- Teri Mosey, an exercise physiologist and a chef, explained the reasons about food cravings. A holistic approach to eating is important to see the connection between oneself and the food choices and eating patterns. The food can imply something about one’s current situation, thoughts, needs and experiences. Sometimes you should go beyond calories and focus more about your inner self to achieve healing and sustained change. Teri explained how chakra nutrition can play a big role in identifying one’s connection with food. Chakras are energy centres that stimulate our physiological, emotional, psychological and spiritual energies. Any imbalance that can happen in any of the chakras can imply something about food choices and eating behavior. For example, if you always find excuses in life, you have difficulties in committing to your goals (you’ve been experiencing yoyo dieting), there must be something going on with the throat chakra, which is all about truth and authenticity. If you always feel that your energy is low (constant cravings for meat and sweets) and there’s always a feeling of instability in life, there might be issues with the root chakra which is about safety and immunity.
Motivation and Purpose
- We always give time to train and feed our bodies so we can achieve our fitness, health and sports performance goals. However, it is equally important to give focus and effort to nourish our minds to put our goals and plans into action to be able to reach the optimal state. James Beauchemin, a professor, health coach and expert on wellness promotion and lifestyle change, believes there are five cardinal skills that can help people reach the optimal state: relaxation, self-talk, imagery, routines and concentration. These mind-body techniques have become a part of most fitness and wellness programs like stress management, yoga, mindful movement classes, meditation, mindful eating programs, lifestyle coaching and other sports and fitness programs.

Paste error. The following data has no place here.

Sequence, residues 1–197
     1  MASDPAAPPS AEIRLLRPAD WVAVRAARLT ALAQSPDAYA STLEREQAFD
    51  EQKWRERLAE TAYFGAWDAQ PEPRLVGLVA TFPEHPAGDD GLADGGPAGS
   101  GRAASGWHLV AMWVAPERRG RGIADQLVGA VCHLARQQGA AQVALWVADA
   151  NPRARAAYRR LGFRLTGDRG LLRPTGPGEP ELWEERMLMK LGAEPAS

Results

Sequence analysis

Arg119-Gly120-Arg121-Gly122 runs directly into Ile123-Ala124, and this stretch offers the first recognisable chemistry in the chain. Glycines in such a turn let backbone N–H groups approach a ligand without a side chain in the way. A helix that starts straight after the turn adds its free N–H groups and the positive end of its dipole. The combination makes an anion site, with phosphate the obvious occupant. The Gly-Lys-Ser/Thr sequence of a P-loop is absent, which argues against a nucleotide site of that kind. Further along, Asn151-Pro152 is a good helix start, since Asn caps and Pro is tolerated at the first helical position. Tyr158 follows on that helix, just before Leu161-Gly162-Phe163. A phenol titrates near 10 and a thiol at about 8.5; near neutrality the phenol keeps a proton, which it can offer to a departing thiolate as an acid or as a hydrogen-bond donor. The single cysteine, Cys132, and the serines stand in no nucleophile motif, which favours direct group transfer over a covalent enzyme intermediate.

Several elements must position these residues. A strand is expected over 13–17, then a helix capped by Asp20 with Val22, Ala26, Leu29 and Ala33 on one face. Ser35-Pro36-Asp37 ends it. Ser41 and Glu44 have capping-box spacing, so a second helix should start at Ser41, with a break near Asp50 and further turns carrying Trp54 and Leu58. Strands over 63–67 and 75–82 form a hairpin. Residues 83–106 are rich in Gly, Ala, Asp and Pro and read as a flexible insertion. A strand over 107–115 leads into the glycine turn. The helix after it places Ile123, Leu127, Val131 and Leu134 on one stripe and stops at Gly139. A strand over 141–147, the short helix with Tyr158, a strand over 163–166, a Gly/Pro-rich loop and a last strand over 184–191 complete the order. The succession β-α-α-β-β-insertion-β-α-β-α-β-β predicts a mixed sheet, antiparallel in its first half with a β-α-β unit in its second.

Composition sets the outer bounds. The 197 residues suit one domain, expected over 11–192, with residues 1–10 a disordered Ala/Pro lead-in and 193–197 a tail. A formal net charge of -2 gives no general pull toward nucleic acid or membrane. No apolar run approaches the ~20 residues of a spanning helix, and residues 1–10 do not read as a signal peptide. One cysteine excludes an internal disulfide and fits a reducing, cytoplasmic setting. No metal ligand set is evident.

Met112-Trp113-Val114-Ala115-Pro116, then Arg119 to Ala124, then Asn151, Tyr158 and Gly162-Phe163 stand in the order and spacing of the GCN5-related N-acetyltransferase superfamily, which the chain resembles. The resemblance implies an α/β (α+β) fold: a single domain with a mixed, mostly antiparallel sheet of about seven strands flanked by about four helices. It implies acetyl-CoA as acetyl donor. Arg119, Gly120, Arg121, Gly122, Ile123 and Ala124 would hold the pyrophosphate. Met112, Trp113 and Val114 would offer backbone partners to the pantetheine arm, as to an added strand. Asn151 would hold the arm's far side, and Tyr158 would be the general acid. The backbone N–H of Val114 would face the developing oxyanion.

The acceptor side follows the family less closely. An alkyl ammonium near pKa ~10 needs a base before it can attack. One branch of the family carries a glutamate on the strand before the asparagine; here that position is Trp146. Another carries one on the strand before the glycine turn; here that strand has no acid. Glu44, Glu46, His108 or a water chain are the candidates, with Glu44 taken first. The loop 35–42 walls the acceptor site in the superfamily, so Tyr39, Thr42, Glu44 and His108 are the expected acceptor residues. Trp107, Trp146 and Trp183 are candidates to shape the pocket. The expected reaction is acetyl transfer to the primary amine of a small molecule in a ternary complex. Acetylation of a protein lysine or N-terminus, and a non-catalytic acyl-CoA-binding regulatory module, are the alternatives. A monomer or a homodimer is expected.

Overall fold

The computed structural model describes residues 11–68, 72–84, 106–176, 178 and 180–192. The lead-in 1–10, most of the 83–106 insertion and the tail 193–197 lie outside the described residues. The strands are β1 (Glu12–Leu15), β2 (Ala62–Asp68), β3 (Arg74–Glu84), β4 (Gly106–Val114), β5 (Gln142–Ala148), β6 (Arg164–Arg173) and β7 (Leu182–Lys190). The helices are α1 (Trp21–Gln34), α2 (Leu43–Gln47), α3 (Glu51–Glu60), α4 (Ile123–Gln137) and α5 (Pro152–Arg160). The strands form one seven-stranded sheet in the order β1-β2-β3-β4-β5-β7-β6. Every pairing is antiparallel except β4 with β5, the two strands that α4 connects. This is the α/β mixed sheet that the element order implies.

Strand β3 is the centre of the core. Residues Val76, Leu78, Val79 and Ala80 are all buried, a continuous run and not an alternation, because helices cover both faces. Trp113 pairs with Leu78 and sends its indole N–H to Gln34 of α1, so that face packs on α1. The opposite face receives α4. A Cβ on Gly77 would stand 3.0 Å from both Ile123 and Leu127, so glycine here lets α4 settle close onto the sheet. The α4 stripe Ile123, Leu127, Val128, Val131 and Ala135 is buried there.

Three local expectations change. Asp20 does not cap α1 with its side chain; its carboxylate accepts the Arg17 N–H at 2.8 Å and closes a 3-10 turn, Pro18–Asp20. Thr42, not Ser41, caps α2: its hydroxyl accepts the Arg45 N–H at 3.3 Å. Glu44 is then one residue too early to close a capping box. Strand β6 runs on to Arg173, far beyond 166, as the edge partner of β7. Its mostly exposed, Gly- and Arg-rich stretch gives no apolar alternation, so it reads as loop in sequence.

- Here are my realizations from Steve Cotter’s session: Manifesting Your Purpose
There is no “one-size-fits-all” approach to wellness programs. Learning plus experience are the best ways to attain the best program or combination of programs that matches you. But it can still change because you are always evolving, you get older, you modify your priorities and your environment adapts to the changing trends and time.
What always remains the same is your passion to be a purposeful human being- it all happens with change, acceptance and progress.
Use past to bring you fully to the present moment. Let go of the negative feelings from it and just leave the most precious learnings.
Believe in yourself, add a pinch of discipline, so you will have more focus and you can achieve your dreams. Do not compare. Do not be envious. If ever, use the most successful people as inspirations.
Identify your strengths and what truly makes you happy, then connect these with your experiences and goals so you can continue to grow, regardless of the pace, as long as you are fulfilled along the way, which is a long, but worthwhile process.
Fitness conferences like AFC can always renew my motivation to do better and to maximize my potential. At this very moment, I have a clearer vision about my future in the field wellness. My combined education plus years of experience in physiotherapy, psychology, nutrition and exercise will always bring me closer to my ultimate mission of inspiring while being of service to all the people out there in need of proper guidance and direction to achieve their best potential by taking care of their bodies, preventing health problems and living the rest of their lives fully and positively. I look forward to 2019 as I continue to share what I can through actual coaching with clients, networking with wellness people and writing for positivebody.ph